Traditional Welsh Lovespoons
Mary Evans (Email)

       Wooden spoons have been recognized as a form of rustic art in many countries where they were produced for eating purposes, but the Welsh lovespoon is different. It was not meant for culinary use but purely as an ornament, carved by a young man, and presented to the girl of his choice as a symbol of his romantic interest. If the girl accepted the spoon it meant the interest was mutual and the couple were then considered to be courting (spooning). It is not known when this custom started, but examples of lovespoons exist which date back to the 17th. century and many other undated spoons could well be older. The custom was widespread into the late 19th. century when it gradually died out. Lovespoon making has continued as a traditional craft, however, to the present day. Nowadays most spoons are given as wedding, anniversary or christening presents, for special occasions, or as a memento of a visit to Wales.

      The spoons vary considerably in size from a few inches to nearly a yard long. They are generally made from sycamore or other locally available hardwood. Most have a wide, highly decorated handle and a single spoon bowl, though double and occasionally triple bowled spoons exist. There are a great variety of carving styles and subject matter, which in times past probably had much to do with the occupation of the carver. Thus spoons with ships and anchors were probably carved by sailors. With the passage of time, however, the various symbols have come to be associated particular sentiments, so a ship could be taken to mean the couple embarking on life's voyage and an anchor, the intention to settle down. Most spoons have hearts, single or entwined, for love. Other symbols found often are keys and keyholes (to my heart or my home), diamonds (for wealth), cornucopia {horn of plenty), wheel (of good fortune), cross (keeping faith) and birds (lovebirds). Stars and geometric shapes are usual. A vine or tree of life could be taken to mean a growing relationship. Padlock (security). Some spoons have a cage with one or more spheres carved inside it, and running free. The number of spheres denotes the number of children the couple hope for. A chain carved from a single piece of wood implies the two will be together for ever.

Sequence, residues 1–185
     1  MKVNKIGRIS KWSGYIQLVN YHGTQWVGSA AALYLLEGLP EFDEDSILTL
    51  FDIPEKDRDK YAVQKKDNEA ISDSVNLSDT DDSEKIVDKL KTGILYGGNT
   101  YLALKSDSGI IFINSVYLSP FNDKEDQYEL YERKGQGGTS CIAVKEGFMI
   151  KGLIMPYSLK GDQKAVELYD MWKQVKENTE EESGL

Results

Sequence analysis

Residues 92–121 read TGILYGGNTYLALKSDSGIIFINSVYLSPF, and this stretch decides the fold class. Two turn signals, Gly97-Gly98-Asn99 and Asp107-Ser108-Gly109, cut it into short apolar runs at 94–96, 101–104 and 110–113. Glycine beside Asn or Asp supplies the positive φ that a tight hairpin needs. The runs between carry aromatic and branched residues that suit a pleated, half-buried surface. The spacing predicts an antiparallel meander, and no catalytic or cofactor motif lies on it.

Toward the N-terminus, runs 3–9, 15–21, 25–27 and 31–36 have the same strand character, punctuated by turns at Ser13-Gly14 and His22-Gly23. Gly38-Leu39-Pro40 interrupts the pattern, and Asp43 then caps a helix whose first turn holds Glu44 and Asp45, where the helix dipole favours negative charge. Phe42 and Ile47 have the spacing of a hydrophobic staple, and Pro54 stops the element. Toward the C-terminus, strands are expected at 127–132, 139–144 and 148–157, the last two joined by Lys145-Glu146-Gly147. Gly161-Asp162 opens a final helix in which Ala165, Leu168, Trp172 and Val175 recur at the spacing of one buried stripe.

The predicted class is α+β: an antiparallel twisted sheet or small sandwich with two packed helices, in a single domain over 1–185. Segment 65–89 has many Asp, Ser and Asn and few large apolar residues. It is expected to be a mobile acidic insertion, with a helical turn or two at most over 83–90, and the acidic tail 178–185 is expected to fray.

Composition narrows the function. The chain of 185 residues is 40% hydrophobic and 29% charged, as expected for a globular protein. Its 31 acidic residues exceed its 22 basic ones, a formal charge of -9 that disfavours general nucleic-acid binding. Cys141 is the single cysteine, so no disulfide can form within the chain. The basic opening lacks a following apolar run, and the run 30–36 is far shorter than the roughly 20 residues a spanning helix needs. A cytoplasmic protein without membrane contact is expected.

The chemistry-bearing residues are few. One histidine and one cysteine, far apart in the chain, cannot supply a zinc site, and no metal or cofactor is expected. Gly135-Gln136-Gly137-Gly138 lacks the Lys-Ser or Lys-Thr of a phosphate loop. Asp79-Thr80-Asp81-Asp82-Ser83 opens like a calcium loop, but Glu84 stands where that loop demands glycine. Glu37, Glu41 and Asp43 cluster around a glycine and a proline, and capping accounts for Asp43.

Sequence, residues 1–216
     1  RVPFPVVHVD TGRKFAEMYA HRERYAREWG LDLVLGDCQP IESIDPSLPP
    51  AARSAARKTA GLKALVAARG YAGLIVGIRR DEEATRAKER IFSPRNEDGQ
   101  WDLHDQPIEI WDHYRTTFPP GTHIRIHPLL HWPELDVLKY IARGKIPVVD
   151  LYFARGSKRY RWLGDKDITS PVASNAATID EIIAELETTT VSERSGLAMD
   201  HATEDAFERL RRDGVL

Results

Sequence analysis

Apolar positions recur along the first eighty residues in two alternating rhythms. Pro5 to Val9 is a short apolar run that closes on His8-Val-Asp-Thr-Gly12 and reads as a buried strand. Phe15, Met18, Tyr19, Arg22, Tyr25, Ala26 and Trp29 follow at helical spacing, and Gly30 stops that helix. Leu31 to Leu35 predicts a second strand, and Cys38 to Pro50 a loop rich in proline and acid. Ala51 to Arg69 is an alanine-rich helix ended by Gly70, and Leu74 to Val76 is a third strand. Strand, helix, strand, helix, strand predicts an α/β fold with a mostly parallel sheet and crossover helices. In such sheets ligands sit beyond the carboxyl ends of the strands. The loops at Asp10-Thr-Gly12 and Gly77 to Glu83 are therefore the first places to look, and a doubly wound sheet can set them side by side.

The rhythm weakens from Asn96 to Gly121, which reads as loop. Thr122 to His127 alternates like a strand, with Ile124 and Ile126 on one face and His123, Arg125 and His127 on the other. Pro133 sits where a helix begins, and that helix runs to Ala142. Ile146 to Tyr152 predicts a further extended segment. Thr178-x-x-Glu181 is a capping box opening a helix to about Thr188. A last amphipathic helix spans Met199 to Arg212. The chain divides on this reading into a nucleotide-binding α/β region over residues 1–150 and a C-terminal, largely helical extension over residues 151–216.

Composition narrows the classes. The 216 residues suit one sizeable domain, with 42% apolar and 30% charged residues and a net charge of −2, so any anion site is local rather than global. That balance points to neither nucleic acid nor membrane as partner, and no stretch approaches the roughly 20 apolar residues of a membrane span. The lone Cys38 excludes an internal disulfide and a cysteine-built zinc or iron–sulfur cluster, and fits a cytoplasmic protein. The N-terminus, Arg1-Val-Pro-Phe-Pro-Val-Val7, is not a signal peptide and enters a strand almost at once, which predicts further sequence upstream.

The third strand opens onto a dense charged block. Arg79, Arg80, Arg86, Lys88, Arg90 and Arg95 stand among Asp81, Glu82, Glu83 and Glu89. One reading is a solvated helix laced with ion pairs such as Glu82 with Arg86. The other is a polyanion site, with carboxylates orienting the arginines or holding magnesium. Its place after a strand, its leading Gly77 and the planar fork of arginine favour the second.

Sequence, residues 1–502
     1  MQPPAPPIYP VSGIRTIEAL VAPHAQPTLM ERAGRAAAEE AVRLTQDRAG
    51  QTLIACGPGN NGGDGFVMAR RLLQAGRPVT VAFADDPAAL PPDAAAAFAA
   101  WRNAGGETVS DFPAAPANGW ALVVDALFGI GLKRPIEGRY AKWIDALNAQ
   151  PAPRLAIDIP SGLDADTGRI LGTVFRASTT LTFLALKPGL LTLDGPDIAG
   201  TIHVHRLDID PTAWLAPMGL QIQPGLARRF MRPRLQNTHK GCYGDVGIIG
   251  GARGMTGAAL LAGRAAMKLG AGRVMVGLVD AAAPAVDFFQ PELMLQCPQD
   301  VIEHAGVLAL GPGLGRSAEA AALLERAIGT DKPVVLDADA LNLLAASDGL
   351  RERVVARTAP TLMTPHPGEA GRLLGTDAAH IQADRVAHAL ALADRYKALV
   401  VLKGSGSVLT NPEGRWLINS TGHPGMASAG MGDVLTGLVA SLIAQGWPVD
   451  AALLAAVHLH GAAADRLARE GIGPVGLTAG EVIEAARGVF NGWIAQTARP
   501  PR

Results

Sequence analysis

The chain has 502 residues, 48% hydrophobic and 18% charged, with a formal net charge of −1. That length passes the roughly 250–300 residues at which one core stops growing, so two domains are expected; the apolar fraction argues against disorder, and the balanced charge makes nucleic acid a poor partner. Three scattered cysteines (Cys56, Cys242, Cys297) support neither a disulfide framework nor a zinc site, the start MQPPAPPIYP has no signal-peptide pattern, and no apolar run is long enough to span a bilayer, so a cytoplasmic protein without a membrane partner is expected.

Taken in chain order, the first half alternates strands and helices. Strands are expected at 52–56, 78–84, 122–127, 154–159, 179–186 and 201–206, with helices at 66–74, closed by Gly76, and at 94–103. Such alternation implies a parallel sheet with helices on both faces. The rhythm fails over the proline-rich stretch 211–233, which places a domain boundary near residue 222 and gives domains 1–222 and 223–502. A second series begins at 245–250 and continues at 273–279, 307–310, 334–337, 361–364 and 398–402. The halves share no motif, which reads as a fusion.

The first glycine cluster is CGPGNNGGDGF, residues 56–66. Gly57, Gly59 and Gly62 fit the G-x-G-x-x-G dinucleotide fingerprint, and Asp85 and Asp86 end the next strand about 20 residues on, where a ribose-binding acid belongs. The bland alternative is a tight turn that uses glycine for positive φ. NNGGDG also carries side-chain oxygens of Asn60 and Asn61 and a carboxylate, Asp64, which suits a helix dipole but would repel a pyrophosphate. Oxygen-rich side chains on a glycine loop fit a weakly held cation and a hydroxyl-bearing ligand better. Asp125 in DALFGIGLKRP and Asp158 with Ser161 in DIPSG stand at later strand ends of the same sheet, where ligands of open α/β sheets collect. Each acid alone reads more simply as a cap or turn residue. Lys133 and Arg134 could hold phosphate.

Spoons which are made for special occasions may have names and dates carved on. They may incorporate symbols to denote the occupation or interests of the recipient, making them an individual and highly personalised gift.

      Most Welsh museums have old lovespoons on display such as those illustrated on this page.  There is a particularly good collection at the Welsh National Folk Museum at St. Fagins.

Click here to see some lovespoons carved by Mary Evans

Click here to find out about making lovespoons.
by Nansi Hemming

Click here to go to our Lovespoon page


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